A senior airman’s creative idea resulted in money saved and capabilities improved at Joint Base Langley-Eustis.
Air Force officials in Virginia recently 3D printed a piece in a few hours that was needed to bring crucial refueling equipment back in service after almost a year of stagnation.
“The issue with the part and its availability was a supply chain issue,” Staff Sgt. Gabriel Macdonald told Nextgov on Friday.
Officials generally order new military vehicle and device parts for use before those in use break or need to be replaced. Modern constraints on the U.S. and global supply chains intensified by the coronavirus pandemic, however, meant necessary components weren’t so readily available over the last couple of years.
During a recent staff meeting at Joint Base Langley-Eustis, 633rd Logistics Readiness Squadron Fuels Training Supervisor Senior Airman Houston Sasser heard colleagues question Air Force leadership about a supply chain obstacle that was causing long-going inactivity for the high-lift, a vertical-extension platform for refueling operations.
One of the high-lift’s safety features is the flame arrestor, which is designed to prevent fire hazards involving combustible fuel-air mixtures. The flame arrestor cap failed—but replacements weren’t an option.
Hearing personnel’s concerns, Sasser suggested using 3D printing to create an inexpensive and more reinforced flame arrestor cap.
Via the advanced manufacturing process, operators can develop geometrically accurate, custom pieces often at a pace that’s much quicker than what traditional vendors can provide.
This advanced production option is being explored and applied by multiple military entities. For instance, the Naval Surface Warfare Center issued contracts to select vendors this month that involve pursuing novel prototype projects with 3D printing. Beyond Defense Department components, federal agencies have also turned to the emerging technology for health-related and other purposes.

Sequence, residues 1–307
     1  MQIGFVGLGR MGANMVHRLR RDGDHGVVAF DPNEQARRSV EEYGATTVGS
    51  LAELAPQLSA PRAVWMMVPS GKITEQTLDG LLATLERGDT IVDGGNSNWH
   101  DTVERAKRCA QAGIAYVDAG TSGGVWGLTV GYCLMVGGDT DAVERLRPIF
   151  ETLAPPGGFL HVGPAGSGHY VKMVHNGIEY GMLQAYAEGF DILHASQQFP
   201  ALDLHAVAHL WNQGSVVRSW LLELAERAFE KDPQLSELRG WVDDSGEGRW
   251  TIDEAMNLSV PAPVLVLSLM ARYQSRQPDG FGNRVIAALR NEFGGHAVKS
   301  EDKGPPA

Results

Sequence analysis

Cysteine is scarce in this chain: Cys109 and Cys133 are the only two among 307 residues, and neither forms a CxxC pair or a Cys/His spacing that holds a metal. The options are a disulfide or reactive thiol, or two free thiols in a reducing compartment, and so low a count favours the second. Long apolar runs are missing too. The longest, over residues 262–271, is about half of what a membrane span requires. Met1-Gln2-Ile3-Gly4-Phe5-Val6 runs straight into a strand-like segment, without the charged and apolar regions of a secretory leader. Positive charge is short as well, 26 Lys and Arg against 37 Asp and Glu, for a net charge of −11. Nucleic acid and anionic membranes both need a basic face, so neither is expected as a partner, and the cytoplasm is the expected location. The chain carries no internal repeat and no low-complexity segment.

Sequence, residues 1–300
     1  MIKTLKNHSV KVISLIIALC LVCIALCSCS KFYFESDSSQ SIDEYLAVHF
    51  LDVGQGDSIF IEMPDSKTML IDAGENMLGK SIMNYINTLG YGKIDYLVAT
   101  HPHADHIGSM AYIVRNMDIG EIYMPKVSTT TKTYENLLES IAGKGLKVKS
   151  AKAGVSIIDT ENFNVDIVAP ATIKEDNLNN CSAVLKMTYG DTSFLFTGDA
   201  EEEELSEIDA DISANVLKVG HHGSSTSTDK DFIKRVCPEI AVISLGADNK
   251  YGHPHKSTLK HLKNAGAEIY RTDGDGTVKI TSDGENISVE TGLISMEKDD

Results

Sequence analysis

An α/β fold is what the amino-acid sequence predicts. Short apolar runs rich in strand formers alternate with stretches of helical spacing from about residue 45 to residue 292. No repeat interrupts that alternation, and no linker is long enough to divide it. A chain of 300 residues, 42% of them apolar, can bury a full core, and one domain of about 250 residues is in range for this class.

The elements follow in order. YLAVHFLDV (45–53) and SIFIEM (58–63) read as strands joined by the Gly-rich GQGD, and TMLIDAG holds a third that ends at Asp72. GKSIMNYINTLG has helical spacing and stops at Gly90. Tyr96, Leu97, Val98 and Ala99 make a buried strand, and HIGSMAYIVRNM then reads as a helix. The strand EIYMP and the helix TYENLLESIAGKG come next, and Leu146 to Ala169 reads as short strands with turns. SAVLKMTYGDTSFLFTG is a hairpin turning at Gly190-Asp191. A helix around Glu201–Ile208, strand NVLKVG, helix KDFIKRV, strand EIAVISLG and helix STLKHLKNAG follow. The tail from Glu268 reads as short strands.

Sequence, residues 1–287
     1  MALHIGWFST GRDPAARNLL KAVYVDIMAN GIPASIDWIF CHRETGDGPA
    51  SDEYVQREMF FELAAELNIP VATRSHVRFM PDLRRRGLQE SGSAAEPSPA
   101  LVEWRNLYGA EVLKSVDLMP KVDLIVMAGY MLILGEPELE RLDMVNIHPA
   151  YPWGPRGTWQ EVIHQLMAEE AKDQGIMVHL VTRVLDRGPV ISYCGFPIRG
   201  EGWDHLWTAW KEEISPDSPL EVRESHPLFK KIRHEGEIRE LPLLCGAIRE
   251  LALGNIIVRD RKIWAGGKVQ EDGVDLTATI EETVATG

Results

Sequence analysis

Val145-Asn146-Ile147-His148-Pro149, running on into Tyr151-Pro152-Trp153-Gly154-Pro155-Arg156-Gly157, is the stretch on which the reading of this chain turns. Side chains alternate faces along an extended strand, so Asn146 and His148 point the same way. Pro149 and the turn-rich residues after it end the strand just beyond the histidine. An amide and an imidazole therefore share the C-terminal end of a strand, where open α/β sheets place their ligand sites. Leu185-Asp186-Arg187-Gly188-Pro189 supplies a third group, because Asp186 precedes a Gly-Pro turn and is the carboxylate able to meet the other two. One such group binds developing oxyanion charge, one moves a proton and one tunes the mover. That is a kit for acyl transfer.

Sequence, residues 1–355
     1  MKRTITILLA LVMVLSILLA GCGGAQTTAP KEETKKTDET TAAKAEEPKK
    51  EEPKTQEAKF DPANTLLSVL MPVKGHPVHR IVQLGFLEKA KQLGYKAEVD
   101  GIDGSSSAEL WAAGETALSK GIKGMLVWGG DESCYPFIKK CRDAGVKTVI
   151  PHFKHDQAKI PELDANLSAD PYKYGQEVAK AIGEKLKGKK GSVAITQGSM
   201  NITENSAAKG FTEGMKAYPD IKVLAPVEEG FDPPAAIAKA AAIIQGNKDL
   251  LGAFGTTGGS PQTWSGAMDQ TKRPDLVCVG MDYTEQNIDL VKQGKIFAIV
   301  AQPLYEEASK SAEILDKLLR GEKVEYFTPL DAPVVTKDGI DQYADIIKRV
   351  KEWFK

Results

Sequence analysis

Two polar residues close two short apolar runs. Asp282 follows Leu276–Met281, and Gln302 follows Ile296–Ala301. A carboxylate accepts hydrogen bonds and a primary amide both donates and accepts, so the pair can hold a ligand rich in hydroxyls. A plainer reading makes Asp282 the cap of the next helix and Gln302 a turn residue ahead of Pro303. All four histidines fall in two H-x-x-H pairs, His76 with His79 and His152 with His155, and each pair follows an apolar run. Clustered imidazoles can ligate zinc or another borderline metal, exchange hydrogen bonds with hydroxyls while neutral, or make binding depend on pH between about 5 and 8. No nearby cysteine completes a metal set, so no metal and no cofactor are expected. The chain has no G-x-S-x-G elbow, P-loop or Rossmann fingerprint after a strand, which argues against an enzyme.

With support from logistics readiness leadership, Sasser ultimately designed and produced the needed part in roughly 5 hours.
“By 3D printing the replacement flame arrestor cap, I was able to bring the high-lift back into service after nine months of inactivity and show the simplicity and ability to create complex parts or prototypes in theoretical solutions,” Sasser said.
It costs the Air Force only about 25 cents to produce the replacement pieces with added structural reinforcement.
“The unique part about the flame arrestor cap is that the pantograph systems that we use for Hot-Pit refueling require the same part,” Sasser noted. “In the event that there is an issue with a pantograph cap, we now have the means to quickly return them to service to enable 1st Fighter Wing operations.”
The senior airman was personally coined for the concept and solution.
Macdonald and 633rd Air Base Wing Public Affairs Chief of Media Operations Mike Reeves did not confirm the number of 3D printers functioning on the base, or plans for future applications.
“We're incredibly proud of the efforts of service members like SrA Sasser. Innovations like 3D printing enable our team at JBLE to continue to exceed Air Force Chief of Staff, Gen. Charles Q. Brown's, goals to accelerate change or lose,” Reeves told Nextgov on Monday. “We're excited to see more projects as our soldiers and [airmen and women] continue to be multi-capable innovators and problem solvers.”
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